To go out or not to go out? It’s the question many mothers face once their child is finally in a (sometimes) predictable nap pattern. Cheryl Fingelson explains how to cope with a ‘family’ late night out.
Were you ever one who claimed ‘Having children won’t change my life?’ Did you ever say the words, ‘I’ll continue go out and have a social life after I have the baby”? If so, it never happened once the wee ones arrived, right?! Having kids changes your life – FACT.
There are times, however, when your social life must continue. So how do you manage attending an event with child/children in tow? Do you allow them to stay up late, or do you scrap the whole idea altogether and commit to a life of ‘staying in’ and perhaps missing milestone events? And there will be occasions that cannot be avoided and you will have no choice but to take offspring along. You will have to make some adjustments, both on the day and night of the event, and, yes I’m afraid the next day may also be “payback day!”
When it comes to your child’s temperament, you might have a child that is adaptable and fairly content when routine is disrupted, or, you may have a child that simply cannot be ‘settled’ after a change in routine and who is hugely irritable. In any case, following a change to regular sleep patterns, the key is to try and get back to the usual routine as quickly as possible. There are many ways in which to do this:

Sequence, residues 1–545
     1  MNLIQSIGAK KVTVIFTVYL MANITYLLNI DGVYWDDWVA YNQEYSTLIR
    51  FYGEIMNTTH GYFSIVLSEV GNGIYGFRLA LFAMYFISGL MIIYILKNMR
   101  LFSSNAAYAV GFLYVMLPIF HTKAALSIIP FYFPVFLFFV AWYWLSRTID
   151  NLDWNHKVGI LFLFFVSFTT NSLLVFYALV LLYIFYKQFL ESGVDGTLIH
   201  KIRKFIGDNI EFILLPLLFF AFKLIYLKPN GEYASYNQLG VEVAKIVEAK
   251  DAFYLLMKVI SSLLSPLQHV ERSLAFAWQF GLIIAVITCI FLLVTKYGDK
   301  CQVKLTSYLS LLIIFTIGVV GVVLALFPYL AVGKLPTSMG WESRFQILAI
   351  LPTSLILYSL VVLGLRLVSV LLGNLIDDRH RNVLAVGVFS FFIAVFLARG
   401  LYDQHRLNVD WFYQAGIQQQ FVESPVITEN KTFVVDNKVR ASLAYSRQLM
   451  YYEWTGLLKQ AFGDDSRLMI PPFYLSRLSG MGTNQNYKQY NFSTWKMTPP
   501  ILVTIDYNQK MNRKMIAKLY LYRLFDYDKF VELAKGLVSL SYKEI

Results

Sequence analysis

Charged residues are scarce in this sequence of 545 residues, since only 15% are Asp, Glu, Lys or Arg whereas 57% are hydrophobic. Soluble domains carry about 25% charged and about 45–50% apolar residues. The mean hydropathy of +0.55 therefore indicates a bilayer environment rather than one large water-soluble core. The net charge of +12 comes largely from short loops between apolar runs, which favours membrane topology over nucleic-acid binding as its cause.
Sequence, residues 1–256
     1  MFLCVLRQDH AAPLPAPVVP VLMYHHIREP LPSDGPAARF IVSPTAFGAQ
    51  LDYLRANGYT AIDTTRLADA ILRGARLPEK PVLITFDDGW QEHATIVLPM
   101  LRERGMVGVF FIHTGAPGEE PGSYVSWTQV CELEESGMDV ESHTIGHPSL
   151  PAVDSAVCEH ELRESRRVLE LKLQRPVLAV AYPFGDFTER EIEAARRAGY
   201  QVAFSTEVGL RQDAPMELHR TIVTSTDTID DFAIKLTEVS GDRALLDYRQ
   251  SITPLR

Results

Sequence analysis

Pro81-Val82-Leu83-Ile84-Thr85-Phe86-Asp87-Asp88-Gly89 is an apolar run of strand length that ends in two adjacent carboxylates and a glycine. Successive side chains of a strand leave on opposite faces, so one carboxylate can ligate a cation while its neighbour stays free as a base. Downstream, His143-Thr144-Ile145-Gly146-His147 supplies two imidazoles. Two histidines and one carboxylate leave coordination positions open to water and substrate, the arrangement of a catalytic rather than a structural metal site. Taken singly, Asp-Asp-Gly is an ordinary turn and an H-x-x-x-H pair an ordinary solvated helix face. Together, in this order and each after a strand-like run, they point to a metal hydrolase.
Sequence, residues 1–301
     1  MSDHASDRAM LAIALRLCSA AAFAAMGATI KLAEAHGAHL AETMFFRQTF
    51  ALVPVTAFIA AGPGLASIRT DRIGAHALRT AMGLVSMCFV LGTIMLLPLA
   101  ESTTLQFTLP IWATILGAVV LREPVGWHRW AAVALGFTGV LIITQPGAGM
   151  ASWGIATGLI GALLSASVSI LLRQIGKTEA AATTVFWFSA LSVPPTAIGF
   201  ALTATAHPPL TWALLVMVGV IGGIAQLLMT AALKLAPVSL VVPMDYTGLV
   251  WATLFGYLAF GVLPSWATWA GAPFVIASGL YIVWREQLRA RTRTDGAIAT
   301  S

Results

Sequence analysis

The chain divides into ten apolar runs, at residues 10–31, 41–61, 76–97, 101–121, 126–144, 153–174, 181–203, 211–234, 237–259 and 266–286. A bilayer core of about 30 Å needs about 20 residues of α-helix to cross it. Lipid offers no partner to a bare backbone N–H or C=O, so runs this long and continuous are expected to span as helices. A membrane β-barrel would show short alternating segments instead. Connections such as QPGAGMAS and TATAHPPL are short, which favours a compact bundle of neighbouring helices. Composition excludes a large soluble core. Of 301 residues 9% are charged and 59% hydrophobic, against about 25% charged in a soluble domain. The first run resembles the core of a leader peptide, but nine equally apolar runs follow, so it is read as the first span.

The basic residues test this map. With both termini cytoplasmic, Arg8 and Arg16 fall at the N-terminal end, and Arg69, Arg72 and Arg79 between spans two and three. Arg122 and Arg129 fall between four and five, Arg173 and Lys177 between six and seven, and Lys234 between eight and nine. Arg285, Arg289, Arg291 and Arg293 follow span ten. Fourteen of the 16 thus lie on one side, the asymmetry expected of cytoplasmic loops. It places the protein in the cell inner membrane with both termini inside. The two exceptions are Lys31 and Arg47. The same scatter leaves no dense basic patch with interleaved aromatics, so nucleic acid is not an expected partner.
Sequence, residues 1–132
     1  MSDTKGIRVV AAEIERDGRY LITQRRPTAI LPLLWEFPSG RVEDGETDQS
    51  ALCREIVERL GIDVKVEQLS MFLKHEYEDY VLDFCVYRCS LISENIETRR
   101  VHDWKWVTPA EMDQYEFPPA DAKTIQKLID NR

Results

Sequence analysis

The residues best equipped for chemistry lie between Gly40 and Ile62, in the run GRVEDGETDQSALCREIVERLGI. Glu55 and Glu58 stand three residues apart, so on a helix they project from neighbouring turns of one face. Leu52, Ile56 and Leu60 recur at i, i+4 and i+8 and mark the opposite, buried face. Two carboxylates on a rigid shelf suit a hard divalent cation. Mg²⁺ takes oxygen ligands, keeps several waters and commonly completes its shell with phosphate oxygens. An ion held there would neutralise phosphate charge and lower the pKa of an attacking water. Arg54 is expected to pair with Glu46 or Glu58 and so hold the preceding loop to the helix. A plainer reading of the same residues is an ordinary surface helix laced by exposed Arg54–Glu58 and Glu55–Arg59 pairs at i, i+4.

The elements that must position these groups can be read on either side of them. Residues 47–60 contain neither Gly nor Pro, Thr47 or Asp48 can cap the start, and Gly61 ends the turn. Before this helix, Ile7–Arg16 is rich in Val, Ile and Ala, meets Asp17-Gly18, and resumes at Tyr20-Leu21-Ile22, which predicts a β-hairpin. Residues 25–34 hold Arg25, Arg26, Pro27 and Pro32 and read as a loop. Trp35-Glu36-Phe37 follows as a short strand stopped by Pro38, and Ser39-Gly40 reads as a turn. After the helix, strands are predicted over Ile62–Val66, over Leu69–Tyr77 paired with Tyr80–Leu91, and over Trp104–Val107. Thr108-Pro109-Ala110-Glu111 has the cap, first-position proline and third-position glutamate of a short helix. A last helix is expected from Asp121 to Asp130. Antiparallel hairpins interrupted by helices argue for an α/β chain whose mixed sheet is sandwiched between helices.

- After a late night for children and toddlers, you may be tempted to give the kids a sleep in the next day to make up for it. But in most cases, if your child has a good pattern of sleeping and waking, their natural body clock will wake them at the normal time. If this occurs, stick to your normal schedule, but extend sleep times slightly.
- For babies, the morning sleep should take place slightly earlier as baby will be more tired from not having had enough of their usual sleep throughout the night before. You could also extend sleep slightly to allow close-to-normal sleep times for the afternoon into the night. If the morning nap doesn’t pan out too well then implement this for the afternoon nap; a little earlier and longer.
- For a toddler who has woken sprightly at their usual morning time, encouraging a solid day-time nap is wise. But if they are overtired this may prove to be a difficult feat. Use usual sleep time cues and limit stimuli, i.e. ensure the room is quiet and dark, may help. If your toddler refuses a daytime nap then try a ‘rest time’ instead, again with no stimuli; make the environment boring and fuss-free.
- If you’re fortunate enough to have been blessed with a lie in thanks to your kids sleeping in, go back to normal sleep times as much as possible, remembering to limit nap-times in the day.
All of this is to ensure that the night after the night before is resumed back to a good nights sleep for all!